I'm always really cautious with Stereo Wideners / enhancers (and don't use them in mastering similar to Thomas, and I agree with Donny's comments).
They can be fun in a mix when used as an effect (and are used for that by mix engineers I master for)... but you have to be really careful you don't overcook it.

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DonnyThompson Mon, 03/14/2016 - 06:21

Gearshoot, post: 437109, member: 49772 wrote: They can be fun in a mix when used as an effect (and are used for that by mix engineers I master for)... but you have to be really careful you don't overcook it.

I work a lot with M-S processing when mixing; usually through a GR plug that offers it as a choice. I have a few that I like; one is Am-munition, a Samplitude Limiter that allows me to use gain reduction - and all of its settings - on the middle and the sides independently; and I also like the T-Racks SSL Bus Limiter, which besides giving a nice "glue", offers a pretty decent M-S processing function as well...
Actually, that's one of the reasons why I like T-Racks plugs, because nearly all of their processors can also be used in M-S, in addition to Mono and Stereo. I think more plug manufacturers are offering it now, but for awhile, T-Racks was one of the only ones - if not the only one - that offered M-S as a feature in their processing plugs.

Now, unless I've recorded tracks with the mics set in an MS array ( acoustic guitars, guitar amps, etc.) I hardly ever use it on individual tracks... usually only on the master 2-bus - and even then, I'm very conservative with it.

Samplitude Pro X also has a built-in, single rotary adjustable stereo enhancer on the master bus ( although you can right-click on it, which opens a settings menu); so sometimes I'll monitor a mix using it, to get an "idea" of what it would sound like if the M.E. decides to widen things out a bit, but I hardly ever print a mix using that particular feature of Samp.

The thing is, I'm not an M.E., so if I'm doing a project for any type of pro/commercial release, I send the mixes out for pro mastering. And, most of the time, I'd rather just have my M.E. of choice ( @Thomas W. Bethel ) handle whatever type of processing he feels is needed, including stereo enhancement.

Besides giving me his fresh, critical ears ( he has a lot more objectivity than I do by the time I've cooked five different mixes of the same song to choose the final), and his mastering approach, where he respects the dynamic range I've mixed at, his monitoring and room acoustics are also more accurate than my own, so I trust Tom to do what he feels needs to be done.

IMHO of course. ;)

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Brother Junk Tue, 09/27/2016 - 11:52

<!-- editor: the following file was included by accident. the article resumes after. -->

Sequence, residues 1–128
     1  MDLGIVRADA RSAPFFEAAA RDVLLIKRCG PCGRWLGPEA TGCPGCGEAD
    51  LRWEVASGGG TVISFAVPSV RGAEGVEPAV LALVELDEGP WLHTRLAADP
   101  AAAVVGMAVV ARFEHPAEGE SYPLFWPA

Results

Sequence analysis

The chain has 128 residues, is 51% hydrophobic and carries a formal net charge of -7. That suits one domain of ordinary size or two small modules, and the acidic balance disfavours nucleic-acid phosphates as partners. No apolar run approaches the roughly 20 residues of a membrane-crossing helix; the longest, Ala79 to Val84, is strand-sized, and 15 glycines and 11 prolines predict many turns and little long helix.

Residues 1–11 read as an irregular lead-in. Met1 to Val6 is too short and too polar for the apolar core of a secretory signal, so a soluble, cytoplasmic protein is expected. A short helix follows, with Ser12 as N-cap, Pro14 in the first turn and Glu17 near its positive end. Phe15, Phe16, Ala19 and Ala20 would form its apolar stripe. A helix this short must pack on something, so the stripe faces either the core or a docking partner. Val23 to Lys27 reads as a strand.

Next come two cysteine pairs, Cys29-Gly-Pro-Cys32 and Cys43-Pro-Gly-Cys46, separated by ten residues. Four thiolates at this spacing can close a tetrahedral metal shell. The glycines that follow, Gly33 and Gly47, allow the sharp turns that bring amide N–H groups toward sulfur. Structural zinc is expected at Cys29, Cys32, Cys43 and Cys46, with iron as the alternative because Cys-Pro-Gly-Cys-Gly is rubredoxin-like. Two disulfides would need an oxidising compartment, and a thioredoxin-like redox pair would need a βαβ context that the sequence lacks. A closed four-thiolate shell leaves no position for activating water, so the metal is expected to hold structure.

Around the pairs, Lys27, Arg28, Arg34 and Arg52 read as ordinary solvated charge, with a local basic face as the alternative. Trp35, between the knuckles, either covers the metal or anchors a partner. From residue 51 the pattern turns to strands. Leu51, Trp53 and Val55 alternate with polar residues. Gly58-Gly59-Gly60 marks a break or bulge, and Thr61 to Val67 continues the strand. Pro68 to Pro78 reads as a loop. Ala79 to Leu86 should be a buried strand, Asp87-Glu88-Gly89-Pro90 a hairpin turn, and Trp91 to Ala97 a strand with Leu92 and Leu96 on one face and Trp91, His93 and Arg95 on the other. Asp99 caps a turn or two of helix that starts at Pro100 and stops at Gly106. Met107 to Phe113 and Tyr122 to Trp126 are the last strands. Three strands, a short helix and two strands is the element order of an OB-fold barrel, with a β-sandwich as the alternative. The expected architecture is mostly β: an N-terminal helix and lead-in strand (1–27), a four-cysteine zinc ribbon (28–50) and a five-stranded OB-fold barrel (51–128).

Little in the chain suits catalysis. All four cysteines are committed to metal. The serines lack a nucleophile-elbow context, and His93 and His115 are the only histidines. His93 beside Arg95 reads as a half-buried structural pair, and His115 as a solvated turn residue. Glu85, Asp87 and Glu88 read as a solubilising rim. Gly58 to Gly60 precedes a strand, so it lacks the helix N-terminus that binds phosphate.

I'm not quite sure of the name of the plug-in that I have, it's like a mastering type thing from Izotope (Ozone 5?) Is that something that people use/have confidence in?

But it may be a diff one I have, or maybe within Ozone 5, that alters that something that you guys use frequently? If so, what for? Specific types of tracks? To get a more solid vocal image? To create perceived depth?

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audiokid Tue, 09/27/2016 - 16:25

The best use of M/S for me is more about directing freqs, apposed to crunching or messing with their levels per-say.
I also use a processor in a M/S matrix to open up the acoustic space more.

The traditional M/S way to help direct width can include the method of reducing (or controlling) the bass freq on the side of a mix, putting more of the sub bass energy dead center in the middle.
I may also put more top freq on the side and keep the center top freq flat. This is a really nice way to add space. All in all, levels don't appear to change in mono,but in stereo the width can sound a lot more open and organized. Sonically "De-cluttering the center" through methods of M/S processing.
In the end I always finalize in mono to be certain I haven't wrongly increased or decreased volumes or phase.

Sequoia 13 does this exceptionally well.

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audiokid Tue, 09/27/2016 - 23:25

DonnyThompson, post: 431092, member: 46114 wrote: One last note... Thom ( @Thomas W. Bethel ) is an actual Mastering Engineer - so personally, I'd be putting quite a bit of weight and credence into his suggestions...

Just sayin'. ;)

The guys in this thread are some of the finest ME of the world. We are privileged

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Brother Junk Wed, 09/28/2016 - 06:13

audiokid, post: 441651, member: 1 wrote: Indeed.
The guys in this thread are some of the finest ME of the world. We are privileged

Indeed. Occasionally when searching and I stumble upon a great thread, I feel like I'm lucky to be a member here.

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toader Thu, 11/30/2017 - 16:32

I know a lot of people like using imaging, but I tend to not like it. Widening things can make things sound "weaker". Narrowing things is usually kind of pointless because people mix the way they want things to sound. When people send me mixes to be mastered, the stereo image is pretty much where it should be in most cases.